8. Hairstyles and Treatments
Wearing tightly pulled hairstyles can make your hair shed, a condition medically known as traction alopecia. Hairstyles that pull your hair tight include cornrows, pigtails, braids, and ponytails. Wearing tight headwear over a long period can also contribute to falling out of hair. That’s because pulling your hair back tightly causes strain on the follicles and could damage them, making your hair strands pull out easily.
Apart from tight hairstyles, using permanents and hot-oil hair treatments on your hair can also cause your hair to fall out. Applying chemical treatments and hair relaxers changes the hair shafts’ structure, making your hair brittle and easy to break off. You can prevent this form of hair loss by avoiding using chemical treatments and not wearing tight hairstyles. However, if scarring occurs and hair follicles become damaged, it can cause permanent hair loss.
Fungal infection is another common factor that could contribute to hair loss. A fungal infection like ringworm on your scalp, also known as tinea capitis, can lead to temporary baldness on your head. This baldness starts as a small pimple that grows and expands over time, creating scaly, bald patches on the scalp. The bald patches form when the fungus penetrates the hair follicles of the affected part, causing the hairs to become brittle and easy to break off.
Fortunately, baldness due to ringworm is treatable. Your doctor can prescribe various anti-fungal medicines or an antibiotic. Applying anti-fungal creams to the affected areas cannot eliminate baldness since it doesn’t get deep enough to treat the condition effectively.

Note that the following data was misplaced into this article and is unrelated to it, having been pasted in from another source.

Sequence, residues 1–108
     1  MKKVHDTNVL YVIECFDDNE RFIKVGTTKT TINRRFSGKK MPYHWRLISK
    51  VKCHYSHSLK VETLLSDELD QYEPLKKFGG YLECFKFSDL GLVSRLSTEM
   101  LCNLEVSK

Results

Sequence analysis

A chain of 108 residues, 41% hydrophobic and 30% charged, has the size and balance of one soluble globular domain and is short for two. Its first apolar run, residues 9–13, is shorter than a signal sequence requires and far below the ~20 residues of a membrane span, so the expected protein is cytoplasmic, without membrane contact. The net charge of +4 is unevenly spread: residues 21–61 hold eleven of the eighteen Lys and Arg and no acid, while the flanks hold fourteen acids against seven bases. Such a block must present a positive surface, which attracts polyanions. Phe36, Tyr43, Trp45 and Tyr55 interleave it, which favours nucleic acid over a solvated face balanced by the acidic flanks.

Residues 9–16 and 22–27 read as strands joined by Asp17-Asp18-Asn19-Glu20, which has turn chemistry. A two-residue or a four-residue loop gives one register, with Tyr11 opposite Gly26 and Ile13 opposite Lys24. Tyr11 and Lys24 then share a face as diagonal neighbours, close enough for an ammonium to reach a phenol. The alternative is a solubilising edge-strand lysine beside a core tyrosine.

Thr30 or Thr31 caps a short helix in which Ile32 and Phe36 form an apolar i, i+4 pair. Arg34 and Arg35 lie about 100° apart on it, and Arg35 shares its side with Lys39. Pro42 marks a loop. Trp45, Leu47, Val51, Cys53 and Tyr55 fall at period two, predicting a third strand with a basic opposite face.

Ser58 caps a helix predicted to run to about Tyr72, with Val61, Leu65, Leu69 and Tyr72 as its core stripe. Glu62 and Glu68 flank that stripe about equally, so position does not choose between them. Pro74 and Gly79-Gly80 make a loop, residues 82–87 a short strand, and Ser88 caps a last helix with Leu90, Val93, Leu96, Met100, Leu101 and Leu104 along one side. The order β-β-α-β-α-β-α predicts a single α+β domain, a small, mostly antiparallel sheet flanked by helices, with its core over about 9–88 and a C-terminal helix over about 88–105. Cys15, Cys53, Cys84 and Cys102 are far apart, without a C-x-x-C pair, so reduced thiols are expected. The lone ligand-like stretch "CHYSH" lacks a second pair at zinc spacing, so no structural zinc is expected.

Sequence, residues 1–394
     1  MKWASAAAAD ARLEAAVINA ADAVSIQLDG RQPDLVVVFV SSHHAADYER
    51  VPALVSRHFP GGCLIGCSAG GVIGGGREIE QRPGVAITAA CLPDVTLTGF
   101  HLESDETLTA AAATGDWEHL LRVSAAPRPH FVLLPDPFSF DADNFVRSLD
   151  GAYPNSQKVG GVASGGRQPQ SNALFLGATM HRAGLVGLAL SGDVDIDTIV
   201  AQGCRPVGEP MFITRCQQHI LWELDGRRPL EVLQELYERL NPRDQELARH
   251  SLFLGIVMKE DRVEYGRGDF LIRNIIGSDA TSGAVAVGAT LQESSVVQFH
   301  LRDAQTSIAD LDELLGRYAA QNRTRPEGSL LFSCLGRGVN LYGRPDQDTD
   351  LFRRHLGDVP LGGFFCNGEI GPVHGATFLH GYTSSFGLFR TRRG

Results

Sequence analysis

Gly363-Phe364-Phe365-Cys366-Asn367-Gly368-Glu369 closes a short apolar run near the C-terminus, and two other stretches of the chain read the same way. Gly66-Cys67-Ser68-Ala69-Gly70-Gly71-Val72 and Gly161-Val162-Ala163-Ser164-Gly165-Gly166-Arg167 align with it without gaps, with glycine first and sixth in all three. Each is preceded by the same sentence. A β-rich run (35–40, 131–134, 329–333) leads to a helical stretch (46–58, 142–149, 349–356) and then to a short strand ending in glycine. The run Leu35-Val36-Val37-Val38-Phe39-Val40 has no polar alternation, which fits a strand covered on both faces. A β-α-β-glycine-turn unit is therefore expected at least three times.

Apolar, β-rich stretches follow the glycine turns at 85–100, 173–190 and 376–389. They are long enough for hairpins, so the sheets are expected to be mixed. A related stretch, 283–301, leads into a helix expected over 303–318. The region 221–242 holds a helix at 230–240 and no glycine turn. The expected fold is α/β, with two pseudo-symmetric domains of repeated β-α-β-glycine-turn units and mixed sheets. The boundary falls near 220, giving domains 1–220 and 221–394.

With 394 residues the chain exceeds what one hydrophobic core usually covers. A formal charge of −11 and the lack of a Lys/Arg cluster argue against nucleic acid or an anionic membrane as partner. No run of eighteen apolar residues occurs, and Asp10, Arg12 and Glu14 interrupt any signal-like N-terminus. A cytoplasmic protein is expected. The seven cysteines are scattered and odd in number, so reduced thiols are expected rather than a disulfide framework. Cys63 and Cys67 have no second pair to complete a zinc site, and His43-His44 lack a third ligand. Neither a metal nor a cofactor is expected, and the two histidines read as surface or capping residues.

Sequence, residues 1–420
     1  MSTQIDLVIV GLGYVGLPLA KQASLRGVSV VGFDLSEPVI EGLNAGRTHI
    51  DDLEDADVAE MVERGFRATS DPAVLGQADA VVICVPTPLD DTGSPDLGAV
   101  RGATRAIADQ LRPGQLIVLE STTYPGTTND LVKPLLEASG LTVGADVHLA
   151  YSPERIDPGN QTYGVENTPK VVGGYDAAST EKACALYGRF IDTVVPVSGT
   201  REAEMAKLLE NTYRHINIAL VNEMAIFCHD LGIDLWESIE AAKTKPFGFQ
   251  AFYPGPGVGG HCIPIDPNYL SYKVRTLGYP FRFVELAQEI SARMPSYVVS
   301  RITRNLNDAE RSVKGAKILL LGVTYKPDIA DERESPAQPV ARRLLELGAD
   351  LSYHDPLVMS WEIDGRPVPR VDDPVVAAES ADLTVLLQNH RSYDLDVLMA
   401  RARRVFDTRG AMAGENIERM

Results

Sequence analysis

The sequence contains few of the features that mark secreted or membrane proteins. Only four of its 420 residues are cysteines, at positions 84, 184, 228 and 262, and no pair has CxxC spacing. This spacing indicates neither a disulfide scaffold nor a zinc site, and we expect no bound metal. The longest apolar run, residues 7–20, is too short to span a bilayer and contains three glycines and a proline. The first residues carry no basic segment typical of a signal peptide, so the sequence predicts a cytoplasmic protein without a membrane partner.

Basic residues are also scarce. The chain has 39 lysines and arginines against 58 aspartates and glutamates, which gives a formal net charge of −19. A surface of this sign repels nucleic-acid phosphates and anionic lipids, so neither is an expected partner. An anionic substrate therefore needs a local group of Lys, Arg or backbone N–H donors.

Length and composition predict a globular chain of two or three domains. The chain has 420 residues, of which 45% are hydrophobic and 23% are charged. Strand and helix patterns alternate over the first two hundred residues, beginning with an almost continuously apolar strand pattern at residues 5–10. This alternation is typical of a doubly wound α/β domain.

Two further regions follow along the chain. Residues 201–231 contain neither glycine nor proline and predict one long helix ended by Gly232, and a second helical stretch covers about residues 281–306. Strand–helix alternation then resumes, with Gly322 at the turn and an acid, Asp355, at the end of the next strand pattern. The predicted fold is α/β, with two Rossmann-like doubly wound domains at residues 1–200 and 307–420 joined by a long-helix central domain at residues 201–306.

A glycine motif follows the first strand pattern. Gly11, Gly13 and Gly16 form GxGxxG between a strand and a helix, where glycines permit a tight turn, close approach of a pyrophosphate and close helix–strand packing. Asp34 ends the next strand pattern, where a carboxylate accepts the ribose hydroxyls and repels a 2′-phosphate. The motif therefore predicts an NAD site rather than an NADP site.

10. Anagen Effluvium
Another major cause of hair loss is anagen effluvium. This condition occurs while undergoing chemotherapy or radiation treatment, which causes your hair to fall out rapidly in large amounts. Apart from radiation and chemotherapy treatments, other things that could cause anagen effluvium include autoimmune diseases and fungal infections. Not only does this condition lead to hair shedding from your head but also your other body parts, including eyelashes and eyebrows.
If chemotherapy is the cause of the problem, cooling the scalp while undergoing the procedure can help reduce the effects. Your hair regrows about six months or less after quitting chemotherapy. Your doctor can recommend the best medication to help your hair grow faster, like a topical minoxidil solution.
Many factors can contribute to hair loss, from stressors and hormonal imbalances to health problems and poor nutrition. If you’re experiencing baldness or thinning hair, knowing the cause of the problem can help you determine the best treatment. While hair loss caused by genetics, medical conditions, and ageing cannot be prevented, using the proper medications and treatments can help reduce further hair loss and promote faster hair growth.
Some forms of hair loss can be prevented by eating healthy diets with the right nutrients and avoiding tight hairstyles and caustic chemicals. But, it’s always best to see your dermatologist and get tested and recommend the best treatment for your specific hair loss condition.